Journal of Environmental Protection
Vol.5 No.8(2014), Article ID:46822,6 pages DOI:10.4236/jep.2014.58071

Remediation of Coastal Sediments by Addition of Calcium Nitrate and Presence of Benthos in a Muddy Tidal Flat

Hiroyuki Harada, Kotarou Akagi, Hiroaki Tutioka, Atushi Hashimoto

Faculty of Life and Environmental Science, Prefectural University of Hiroshima, Shobara, Japan


Copyright © 2014 by authors and Scientific Research Publishing Inc.

This work is licensed under the Creative Commons Attribution International License (CC BY).

Received 17 April 2014; revised 12 May 2014; accepted 9 June 2014


This study investigated the change in denitrification rate in muddy tidal flats sediment by chemical and biological remediation. Column experiments were conducted to determine the dependence of denitrification rate on the redox potential. Filtered seawater was fed continuously to the pipe filled with sediment from the muddy tidal flats. An increase in the redox potential from −198 mV to 21 mV with bioturbation led to increases in the denitrification rate from 24.2 mg/m2/day to 29.8 mg/m2/day. The increase in denitrification was explained by the acceleration of mass transfer in the sediment. Redox-potential increased from −400 mV to −200 mV by the addition of 10 g calcium nitrate, acid volatile sulfide was below the detection limit to 20 cm depth, and denitrification rate was increased from 21.3 mg/m2/day to 36.4 mg/m2/day. It is considered that the increased nitrogen concentration led to an increase in microbial activity.

Keywords:Redox Potential, Muddy Tidal Sediment, Denitrification, Bioturbation, Calcium Nitrate

1. Introduction

Bioremediation is the process of a return to the original state that does not contain harmful compounds by using plants, fungi, microorganisms or their enzymes. Bioremediation has mainly been used to treat hydrocarbons, hexavalent chromium, aromatic hydrocarbons, diesel and crude oil in contaminated soils [1] -[5] . Despite many environmental remediation technologies being reported for land-based contamination, few studies have been conducted in aquatic environments. The removal of nitrogen from the aquatic environment will lead to the suppression of occurrences of red tide. Pore water exchange is lower in the muddy tidal flats compared with the sandy tidal flats to contain organic matter and fine particles of mud [6] . One of the important purification functions of tidal flats is nitrogen removal by nitrification and denitrification. At the tidal flat, the water depth is shallow, active biological motion and seawater exchange takes place, and enough ammonia and oxygen are supplied to nitrifying bacteria. Simultaneously, nitrate and organic matter are supplied to denitrifying bacteria [7] [8] . As a feature of the sediments of tidal flats, the environment is very different between the surface and the internal environment of the sediment. In the deeper part of the sediment, oxygen does not penetrate and an anaerobic environment is formed. In the environment, anaerobic, denitrifying bacteria are responsible for denitrification. In this study, we targeted the remediation of muddy tidal flat sediments that are generally an anoxic environment. Fine muddy sediments are under very strong reducing conditions and, permeability is small, but the environment can promote repair by creating different states. If mass transfer of oxygen and nitrate can be promoted, it is possible to reduce the acid-volatile sulfide and nitrogen by environmental remediation. Burrows of benthos contribute to oxygen transfer in tidal flats. The oxidation zone can be increased by penetration of fresh seawater to the nest holes of benthos. The sediment around a burrow will be oxidized but oxidation will be reduced with increased distance from the burrow. The denitrification process in this case is referred to as bioturbation [8] . Raymando et al. (1992) measured the denitrification activity in the bottom sediment using the acetylene block method, and reported the changes in relation to time and depth [9] . In this study, particle sizes are classified as fine muddy sediment rather than Raymando [9] . The method for enhancing the activity of denitrifying bacteria by supplying nitrate ions as well as changing the reduction state of mud flats with an oxidizing agent containing nitrates at the same time has been studied. Nitrate calcium hydrate is one of the oxidizing agents being used to improve sediments [10] . Addition of this compound to sediments could improve the oxidation of the sediment and accelerate denitrification activity [11] . We have also considered the effect of calcium nitrate on characteristics of muddy sediments in this study.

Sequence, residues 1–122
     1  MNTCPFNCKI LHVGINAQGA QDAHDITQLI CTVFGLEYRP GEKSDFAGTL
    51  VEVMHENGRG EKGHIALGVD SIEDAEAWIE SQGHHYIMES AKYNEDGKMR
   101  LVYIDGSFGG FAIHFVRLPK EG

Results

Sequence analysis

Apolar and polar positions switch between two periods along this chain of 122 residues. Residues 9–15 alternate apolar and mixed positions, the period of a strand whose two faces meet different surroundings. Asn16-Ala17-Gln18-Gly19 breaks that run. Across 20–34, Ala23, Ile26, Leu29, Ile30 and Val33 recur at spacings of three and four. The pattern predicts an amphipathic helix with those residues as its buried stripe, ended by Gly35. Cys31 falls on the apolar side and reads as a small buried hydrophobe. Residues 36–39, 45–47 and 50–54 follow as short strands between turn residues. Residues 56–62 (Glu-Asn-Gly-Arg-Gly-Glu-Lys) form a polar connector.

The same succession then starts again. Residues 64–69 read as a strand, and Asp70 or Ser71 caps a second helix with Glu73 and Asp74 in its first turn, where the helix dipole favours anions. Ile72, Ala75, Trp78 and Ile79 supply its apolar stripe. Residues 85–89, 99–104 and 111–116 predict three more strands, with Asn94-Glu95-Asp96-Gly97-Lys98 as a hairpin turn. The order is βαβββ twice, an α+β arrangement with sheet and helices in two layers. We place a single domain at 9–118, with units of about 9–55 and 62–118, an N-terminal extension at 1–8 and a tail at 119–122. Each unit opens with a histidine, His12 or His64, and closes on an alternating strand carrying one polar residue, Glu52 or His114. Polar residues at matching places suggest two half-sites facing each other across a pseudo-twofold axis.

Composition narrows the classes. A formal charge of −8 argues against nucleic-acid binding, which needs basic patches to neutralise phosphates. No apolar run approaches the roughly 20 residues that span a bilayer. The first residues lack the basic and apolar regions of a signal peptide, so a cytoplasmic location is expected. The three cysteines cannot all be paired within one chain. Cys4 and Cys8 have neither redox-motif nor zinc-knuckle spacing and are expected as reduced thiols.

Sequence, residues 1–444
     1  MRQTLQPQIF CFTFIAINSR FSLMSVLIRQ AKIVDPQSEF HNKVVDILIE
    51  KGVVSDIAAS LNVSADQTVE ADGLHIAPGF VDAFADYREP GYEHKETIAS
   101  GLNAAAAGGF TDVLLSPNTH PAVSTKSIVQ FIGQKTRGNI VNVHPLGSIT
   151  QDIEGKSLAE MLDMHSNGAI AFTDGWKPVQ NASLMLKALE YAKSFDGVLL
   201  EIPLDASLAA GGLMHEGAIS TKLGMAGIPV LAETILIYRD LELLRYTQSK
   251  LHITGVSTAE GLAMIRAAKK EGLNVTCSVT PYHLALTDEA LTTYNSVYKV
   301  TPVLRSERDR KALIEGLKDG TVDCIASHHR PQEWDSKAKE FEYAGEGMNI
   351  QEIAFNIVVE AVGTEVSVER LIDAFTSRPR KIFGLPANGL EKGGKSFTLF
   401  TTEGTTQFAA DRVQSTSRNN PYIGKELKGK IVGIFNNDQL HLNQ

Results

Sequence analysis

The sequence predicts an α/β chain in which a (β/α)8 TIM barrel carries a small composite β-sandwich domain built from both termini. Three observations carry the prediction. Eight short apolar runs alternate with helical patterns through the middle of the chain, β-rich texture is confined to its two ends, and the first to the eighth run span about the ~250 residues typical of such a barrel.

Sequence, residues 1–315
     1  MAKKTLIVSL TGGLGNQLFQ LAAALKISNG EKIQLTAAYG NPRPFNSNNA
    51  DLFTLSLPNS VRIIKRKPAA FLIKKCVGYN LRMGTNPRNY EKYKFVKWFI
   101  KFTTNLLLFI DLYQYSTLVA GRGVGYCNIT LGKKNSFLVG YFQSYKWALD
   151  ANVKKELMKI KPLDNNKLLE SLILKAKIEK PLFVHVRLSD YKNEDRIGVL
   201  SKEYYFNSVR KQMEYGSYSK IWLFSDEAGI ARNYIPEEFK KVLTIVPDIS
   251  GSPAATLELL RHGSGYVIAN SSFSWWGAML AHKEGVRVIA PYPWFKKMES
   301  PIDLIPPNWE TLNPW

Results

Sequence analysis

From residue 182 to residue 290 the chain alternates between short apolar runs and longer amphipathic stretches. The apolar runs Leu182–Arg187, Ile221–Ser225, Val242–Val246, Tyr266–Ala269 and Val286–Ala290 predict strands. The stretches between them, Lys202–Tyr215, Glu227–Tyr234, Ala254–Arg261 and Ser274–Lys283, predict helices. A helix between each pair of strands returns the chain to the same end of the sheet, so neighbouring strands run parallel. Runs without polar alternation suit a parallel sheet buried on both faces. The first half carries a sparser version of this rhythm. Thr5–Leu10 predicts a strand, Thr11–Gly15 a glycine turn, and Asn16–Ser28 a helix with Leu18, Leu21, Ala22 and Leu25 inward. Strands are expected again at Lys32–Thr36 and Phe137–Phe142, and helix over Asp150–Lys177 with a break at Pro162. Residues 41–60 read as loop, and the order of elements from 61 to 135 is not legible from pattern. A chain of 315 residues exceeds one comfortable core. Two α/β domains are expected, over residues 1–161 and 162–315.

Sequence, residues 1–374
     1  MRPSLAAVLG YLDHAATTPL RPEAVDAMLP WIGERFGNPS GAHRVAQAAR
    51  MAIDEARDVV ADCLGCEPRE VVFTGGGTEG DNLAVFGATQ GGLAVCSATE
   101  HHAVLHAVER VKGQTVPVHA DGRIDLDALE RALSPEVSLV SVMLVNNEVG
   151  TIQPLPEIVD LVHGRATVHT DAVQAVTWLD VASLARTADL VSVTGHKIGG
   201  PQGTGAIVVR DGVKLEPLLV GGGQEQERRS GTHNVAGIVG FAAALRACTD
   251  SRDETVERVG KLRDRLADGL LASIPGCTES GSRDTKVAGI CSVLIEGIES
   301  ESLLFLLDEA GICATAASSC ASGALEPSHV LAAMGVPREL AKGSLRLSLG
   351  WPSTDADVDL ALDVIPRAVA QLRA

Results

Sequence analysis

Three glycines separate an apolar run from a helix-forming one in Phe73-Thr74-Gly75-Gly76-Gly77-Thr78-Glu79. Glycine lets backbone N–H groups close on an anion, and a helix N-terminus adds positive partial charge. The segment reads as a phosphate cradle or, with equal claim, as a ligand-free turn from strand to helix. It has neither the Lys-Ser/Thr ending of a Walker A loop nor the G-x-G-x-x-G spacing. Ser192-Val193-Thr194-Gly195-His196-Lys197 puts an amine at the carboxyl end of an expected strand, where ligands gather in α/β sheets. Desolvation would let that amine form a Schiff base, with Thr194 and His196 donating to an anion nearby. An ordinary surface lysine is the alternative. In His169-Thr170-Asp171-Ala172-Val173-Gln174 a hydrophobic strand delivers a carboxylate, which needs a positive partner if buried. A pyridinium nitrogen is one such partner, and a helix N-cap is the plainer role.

2. Materials and Methods